For Fernhill, it's the song and the poetry of the words that determine the instrumental arrangements but an ancient tradition of unaccompanied song is developing a new musical groundwork. Julie's voice, described as "remarkable", and "one of the most expressive voices in British traditional music", is the fine instrument that focuses what the others do. Her voice has developed in range, warmth, and confident professionalism through singing with musicians from Brittany, Africa and the Middle East. Most of the words she sings are Welsh, but in performance and in the CD blurb, Fernhill happily make the meaning accessible to the rest of us.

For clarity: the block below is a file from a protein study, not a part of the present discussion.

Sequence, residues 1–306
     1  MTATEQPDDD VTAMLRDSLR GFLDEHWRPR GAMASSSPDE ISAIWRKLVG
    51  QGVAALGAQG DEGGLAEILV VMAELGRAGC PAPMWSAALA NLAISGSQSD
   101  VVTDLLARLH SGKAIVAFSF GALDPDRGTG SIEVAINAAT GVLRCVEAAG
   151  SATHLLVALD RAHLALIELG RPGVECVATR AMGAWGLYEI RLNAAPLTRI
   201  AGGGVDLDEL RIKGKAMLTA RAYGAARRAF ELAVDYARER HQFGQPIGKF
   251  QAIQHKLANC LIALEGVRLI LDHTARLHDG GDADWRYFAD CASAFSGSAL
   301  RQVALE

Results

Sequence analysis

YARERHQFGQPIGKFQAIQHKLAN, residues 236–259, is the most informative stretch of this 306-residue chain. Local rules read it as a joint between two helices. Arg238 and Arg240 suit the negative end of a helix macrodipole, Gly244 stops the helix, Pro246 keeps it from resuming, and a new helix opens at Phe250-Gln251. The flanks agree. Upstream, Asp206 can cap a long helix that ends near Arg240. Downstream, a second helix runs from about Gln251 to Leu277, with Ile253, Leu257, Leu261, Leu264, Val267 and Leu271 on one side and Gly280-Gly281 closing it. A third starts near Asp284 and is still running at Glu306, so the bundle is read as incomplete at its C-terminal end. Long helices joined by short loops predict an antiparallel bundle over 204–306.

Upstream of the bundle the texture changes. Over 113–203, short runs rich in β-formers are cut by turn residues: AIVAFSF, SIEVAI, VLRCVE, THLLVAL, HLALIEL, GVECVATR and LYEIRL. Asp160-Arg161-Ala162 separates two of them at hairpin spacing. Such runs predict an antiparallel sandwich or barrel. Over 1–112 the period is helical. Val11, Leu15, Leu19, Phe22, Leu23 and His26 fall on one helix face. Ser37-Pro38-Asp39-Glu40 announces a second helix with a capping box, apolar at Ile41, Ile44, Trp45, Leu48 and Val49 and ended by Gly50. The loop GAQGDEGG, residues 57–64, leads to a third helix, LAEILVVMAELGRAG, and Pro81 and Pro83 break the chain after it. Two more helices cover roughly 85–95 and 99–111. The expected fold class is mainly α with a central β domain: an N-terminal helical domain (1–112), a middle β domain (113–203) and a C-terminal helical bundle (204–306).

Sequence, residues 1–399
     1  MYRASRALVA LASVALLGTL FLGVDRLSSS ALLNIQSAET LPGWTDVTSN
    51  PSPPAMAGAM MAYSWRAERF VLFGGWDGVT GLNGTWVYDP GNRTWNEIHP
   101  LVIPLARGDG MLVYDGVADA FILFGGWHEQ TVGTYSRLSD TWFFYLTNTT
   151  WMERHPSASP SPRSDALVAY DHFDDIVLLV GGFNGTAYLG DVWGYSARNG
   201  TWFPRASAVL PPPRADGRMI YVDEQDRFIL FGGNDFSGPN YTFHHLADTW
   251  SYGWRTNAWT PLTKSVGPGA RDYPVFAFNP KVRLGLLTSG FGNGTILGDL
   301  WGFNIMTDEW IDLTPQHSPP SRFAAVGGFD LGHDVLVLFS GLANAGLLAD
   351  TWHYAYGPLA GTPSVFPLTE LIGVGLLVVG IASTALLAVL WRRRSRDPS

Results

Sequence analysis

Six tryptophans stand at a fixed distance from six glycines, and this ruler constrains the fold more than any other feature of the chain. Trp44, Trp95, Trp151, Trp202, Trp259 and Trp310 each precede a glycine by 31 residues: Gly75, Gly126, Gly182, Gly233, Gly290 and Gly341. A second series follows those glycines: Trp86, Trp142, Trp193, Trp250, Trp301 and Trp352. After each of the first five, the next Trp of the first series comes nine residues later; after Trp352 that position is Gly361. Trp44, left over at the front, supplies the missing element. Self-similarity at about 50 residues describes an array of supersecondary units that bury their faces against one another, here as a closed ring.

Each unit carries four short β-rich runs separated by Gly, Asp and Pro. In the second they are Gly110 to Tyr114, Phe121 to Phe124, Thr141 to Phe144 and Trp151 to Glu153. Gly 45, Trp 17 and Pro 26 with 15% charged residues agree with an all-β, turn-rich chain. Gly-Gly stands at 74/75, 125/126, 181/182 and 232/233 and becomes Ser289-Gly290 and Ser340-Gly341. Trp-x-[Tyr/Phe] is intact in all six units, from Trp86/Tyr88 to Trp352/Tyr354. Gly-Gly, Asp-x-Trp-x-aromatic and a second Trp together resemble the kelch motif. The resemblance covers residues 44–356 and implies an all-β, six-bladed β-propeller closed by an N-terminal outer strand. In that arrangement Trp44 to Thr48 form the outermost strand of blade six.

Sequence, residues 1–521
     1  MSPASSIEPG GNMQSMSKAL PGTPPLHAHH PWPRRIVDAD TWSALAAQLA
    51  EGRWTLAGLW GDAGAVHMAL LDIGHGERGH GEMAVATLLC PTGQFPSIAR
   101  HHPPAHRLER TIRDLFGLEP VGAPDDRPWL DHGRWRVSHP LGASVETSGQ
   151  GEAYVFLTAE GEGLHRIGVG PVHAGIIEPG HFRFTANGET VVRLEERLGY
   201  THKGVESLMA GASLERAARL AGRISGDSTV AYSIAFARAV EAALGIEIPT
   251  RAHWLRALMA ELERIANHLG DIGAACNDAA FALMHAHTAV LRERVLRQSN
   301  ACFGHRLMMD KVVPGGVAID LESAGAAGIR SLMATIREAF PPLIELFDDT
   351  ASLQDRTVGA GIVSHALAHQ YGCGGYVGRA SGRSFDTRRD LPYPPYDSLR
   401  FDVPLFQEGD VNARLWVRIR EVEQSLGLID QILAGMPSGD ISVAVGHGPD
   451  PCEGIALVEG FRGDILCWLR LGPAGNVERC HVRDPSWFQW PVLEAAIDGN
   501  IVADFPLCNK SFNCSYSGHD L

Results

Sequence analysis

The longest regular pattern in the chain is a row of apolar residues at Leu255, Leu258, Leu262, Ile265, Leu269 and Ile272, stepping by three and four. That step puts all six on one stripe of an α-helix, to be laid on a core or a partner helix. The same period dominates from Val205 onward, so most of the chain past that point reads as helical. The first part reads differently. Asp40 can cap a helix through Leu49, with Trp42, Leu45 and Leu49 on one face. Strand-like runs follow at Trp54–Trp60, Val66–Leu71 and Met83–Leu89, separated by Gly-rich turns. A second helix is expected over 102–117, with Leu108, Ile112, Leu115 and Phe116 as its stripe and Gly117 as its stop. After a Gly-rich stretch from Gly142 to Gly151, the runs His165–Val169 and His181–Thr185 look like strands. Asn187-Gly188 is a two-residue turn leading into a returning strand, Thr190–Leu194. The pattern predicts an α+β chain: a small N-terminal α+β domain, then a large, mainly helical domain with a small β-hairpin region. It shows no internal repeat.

August's British Council tour in Swaziland and Mozambique opened up another level of learning, another "practical lesson in listening" says Ceri. It was the group's first visit to Mozambique, but in Swaziland they played for a week with musical colleagues from their earlier visit: "Our ears are more in tune with the inflections of voice, the subtlety of intonation and rhythms" says Ceri. "It's a whole body thing, as Welsh music used to be, and can be again". Fernhill hope some of the African musicians they worked with will be able to visit Wales and the UK soon, for more grassroots collaboration.

Before Africa, Fernhill played England, Wales, Norway and their first major European festival; Swansea and Athens are next up. A live Fernhill performance is a joy, a mini-festival in its range, inclusiveness and musicianship: of course it can't be described in words. Watch the music press and catch them if you can.